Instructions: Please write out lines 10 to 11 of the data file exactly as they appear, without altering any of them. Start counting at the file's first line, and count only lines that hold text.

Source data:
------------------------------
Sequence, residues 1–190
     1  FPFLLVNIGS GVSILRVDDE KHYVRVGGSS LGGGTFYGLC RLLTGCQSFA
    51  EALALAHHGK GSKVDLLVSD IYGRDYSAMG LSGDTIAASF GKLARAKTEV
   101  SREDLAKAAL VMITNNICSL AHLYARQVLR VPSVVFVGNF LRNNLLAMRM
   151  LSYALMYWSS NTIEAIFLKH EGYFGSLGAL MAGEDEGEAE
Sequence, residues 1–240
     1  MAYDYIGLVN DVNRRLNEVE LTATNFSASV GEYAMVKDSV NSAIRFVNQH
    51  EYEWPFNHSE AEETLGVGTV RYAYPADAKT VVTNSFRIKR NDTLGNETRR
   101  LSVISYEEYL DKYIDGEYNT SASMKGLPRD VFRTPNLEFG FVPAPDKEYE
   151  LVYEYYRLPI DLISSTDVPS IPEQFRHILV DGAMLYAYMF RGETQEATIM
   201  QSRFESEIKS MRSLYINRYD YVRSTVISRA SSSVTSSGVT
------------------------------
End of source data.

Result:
   151  LVYEYYRLPI DLISSTDVPS IPEQFRHILV DGAMLYAYMF RGETQEATIM
   201  QSRFESEIKS MRSLYINRYD YVRSTVISRA SSSVTSSGVT